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September 2002 Issue
Compiled by
Bruce Gventer


What follows is a random assortment of art and antiques related websites that we have visited and enjoyed in the last few weeks. Your discoveries and suggestions are always welcome. Send them to bgventer@bcn.net

 

 


A bundle of 50 - dollar bills still pinned together.

1800's Ephemera

http://home.att.net/~mforder/homepage.htm

       Here is a fellow who got hooked by chance and is now engrossed in 1800's ephemera. Believe it or not, he found a metal box in a dumpster, took it home, and discovered it was filled with old papers. Little did he know what would follow, and how much time he would spend on this find. There are over 2,000 pieces of paper, and he is taking the time to scan them and list what he has found on his website.

          In attempting to gather information on the various papers, he discovered to his surprise, that some of the papers were historically important and of interest to local historians and museums. He was helped in his research by many in the internet community and would like to pay back the kindness by listing all the documents with as much information as he can obtain. The website is still growing with more items to be added and more information to be obtained.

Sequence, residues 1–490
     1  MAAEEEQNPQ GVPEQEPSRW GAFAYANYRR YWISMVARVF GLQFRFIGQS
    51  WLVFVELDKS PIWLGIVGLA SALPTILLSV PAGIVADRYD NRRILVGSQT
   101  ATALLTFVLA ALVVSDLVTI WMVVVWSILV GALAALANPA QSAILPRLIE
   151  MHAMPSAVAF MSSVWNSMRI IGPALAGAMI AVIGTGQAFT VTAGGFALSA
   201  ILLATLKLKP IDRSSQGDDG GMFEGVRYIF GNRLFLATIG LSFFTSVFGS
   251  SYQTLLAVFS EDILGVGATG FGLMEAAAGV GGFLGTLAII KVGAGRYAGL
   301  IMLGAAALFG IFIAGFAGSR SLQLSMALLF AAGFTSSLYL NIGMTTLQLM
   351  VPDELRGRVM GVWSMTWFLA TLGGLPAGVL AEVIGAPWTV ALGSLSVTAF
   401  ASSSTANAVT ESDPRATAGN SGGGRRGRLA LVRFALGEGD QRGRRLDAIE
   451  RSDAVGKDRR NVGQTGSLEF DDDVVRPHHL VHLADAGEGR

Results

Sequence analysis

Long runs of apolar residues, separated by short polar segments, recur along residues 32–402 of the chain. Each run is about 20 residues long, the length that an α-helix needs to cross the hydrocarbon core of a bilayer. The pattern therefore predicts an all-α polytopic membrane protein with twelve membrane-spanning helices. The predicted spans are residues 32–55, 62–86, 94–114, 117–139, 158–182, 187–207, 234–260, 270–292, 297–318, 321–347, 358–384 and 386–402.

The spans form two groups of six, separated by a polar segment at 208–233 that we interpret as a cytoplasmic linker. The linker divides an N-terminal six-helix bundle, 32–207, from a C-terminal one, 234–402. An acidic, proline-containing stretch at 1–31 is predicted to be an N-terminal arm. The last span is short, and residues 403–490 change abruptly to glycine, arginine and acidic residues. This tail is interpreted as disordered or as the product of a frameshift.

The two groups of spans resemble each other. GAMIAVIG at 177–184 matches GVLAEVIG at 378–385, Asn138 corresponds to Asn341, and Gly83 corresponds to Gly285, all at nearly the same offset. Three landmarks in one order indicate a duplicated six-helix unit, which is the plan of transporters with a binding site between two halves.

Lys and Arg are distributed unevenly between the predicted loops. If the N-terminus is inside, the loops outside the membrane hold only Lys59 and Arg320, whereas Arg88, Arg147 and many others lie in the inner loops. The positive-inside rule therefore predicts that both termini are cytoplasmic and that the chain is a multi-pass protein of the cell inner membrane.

The opening page leads with a definition of ephemera, "Ephemera derived from 'ephemeral' meaning: Lasting for a brief time; short-lived; transitory'" taken from The American Heritage Dictionary. He then posts his opinions on collecting ephemera along with some tips he has learned. The best of his advice is to "Collect what you like, and like what you collect!"